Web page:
Not all ladies of her vintage celebrate their 97th birthday in quite the way Ngaire Fisher did.
A few days after a family do marked her May 5 birthday, Ngaire brought the eldest and youngest of her brood of eight to the Avantidrome to witness a pastime she now enjoys on a weekly basis at the facility – riding the trikes.
She’s been a member of the Avantidrome’s Community Trikes programme for 18 months. Coach René Eales said Ngaire was always enthusiastic and had steadily improved her times to 5km in around 45 minutes.
Watching her in action last week were her eldest and youngest sons, William and Peter Fisher. The opening of the trans-Tasman bubble allowed them to fly over from their homes in Australia to spend two weeks with their mum and other family members.
“The opening of the bubble was perfect timing for us, couldn’t have been better,” said Peter, adding that his mum’s birthday function on the day inadvertently became something of a family reunion.
Ngaire’s trike skills may well be eclipsed by the fact she is still so active after having produced three sets of twins sandwiched between William and Peter. She had eight children under the age of eight at one stage, and five under the age of three-and-a-half.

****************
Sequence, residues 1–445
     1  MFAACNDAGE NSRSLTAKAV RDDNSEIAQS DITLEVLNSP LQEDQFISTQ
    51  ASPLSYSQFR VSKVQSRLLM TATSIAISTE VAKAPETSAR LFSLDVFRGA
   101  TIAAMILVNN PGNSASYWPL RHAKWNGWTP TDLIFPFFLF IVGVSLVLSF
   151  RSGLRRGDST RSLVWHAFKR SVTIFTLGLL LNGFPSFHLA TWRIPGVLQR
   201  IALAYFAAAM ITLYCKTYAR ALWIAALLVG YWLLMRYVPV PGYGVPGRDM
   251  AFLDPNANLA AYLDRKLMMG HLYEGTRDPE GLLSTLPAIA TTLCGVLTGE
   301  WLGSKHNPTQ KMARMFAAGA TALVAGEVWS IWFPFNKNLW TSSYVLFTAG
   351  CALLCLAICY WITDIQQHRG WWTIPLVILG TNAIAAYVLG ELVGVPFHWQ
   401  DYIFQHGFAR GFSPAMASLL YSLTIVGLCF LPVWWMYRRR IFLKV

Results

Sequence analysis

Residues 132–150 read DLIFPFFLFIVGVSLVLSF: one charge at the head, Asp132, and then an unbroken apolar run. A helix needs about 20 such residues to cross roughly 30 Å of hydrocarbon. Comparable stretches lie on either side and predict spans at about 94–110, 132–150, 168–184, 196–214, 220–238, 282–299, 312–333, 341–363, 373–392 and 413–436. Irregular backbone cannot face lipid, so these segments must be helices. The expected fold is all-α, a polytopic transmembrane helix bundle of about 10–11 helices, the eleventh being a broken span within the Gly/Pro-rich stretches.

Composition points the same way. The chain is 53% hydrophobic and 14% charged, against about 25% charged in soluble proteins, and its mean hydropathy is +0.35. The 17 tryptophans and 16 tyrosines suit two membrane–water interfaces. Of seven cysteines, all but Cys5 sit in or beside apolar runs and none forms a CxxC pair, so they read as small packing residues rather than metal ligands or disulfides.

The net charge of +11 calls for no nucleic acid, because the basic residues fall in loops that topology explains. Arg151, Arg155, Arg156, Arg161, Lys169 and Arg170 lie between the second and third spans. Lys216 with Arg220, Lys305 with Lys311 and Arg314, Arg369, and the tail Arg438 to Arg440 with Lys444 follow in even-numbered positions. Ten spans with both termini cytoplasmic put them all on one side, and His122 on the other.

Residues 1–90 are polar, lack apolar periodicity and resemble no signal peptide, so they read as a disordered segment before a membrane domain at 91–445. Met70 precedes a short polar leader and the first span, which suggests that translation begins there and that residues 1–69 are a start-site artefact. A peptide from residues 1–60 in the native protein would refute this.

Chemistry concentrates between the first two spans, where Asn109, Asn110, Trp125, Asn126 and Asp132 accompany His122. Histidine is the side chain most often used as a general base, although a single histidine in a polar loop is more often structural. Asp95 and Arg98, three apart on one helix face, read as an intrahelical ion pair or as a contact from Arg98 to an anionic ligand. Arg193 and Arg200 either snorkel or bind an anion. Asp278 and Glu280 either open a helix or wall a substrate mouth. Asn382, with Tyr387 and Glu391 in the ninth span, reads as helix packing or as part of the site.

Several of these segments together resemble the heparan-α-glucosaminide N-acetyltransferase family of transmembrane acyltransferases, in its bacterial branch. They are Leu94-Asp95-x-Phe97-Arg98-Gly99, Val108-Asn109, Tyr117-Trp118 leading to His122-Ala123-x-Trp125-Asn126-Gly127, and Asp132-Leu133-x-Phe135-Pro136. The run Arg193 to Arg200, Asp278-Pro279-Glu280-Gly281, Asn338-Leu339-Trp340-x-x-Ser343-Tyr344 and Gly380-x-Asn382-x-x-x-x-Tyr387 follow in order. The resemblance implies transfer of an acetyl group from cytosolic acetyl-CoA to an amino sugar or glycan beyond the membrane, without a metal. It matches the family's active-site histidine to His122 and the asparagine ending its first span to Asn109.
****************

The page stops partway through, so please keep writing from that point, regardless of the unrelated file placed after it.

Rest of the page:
“I’ve never ridden bikes before this,” she smiled, “just horses. I used to ride my horse to and from school in Rata. That’s between Hunterville and Marton … it’s where I grew up.”
Ngaire then lived in Tokoroa for many years before settling into Cambridge life about five years ago.
The community trikes initiative is a highly regarded part of the Avantidrome’s community programme. It caters to new and experienced riders, some of them undergoing rehabilitation following injury or illness, some coming along for fitness in a safe and congenial environment.
René said the programme was increasingly popular, with 1500 riders logging in this term alone, across eight or nine sessions a day, five days a week.